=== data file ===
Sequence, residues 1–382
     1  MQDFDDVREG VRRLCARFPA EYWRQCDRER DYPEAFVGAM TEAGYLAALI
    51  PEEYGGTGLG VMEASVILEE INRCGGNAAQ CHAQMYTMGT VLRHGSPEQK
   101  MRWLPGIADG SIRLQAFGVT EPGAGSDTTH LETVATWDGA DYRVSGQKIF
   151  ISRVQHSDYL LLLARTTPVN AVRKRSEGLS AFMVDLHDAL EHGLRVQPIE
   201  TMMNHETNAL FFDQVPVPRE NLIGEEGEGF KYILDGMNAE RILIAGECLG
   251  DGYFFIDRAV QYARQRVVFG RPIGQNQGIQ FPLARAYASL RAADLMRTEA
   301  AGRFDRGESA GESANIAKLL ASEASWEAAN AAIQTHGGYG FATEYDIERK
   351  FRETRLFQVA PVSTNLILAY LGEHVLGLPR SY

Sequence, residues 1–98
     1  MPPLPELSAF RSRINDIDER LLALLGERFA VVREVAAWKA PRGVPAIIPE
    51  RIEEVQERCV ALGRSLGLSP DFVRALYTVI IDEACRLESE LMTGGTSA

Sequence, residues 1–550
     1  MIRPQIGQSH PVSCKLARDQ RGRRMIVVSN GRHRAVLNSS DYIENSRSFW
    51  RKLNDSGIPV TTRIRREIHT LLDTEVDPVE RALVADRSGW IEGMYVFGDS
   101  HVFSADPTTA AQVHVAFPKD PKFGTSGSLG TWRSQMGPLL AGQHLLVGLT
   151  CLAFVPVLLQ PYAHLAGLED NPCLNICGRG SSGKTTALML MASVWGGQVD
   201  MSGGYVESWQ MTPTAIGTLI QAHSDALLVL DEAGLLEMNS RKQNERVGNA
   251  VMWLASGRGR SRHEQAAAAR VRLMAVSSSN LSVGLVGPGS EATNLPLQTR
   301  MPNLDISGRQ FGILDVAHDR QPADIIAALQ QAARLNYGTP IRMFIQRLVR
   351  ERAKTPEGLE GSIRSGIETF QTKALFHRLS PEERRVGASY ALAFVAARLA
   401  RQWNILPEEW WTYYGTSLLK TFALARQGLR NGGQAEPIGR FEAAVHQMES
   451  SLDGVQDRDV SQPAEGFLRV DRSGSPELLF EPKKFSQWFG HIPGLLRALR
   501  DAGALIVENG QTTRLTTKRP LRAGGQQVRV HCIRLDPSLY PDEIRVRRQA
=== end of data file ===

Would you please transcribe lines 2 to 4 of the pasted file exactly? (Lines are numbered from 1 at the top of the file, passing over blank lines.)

     1  MQDFDDVREG VRRLCARFPA EYWRQCDRER DYPEAFVGAM TEAGYLAALI
    51  PEEYGGTGLG VMEASVILEE INRCGGNAAQ CHAQMYTMGT VLRHGSPEQK
   101  MRWLPGIADG SIRLQAFGVT EPGAGSDTTH LETVATWDGA DYRVSGQKIF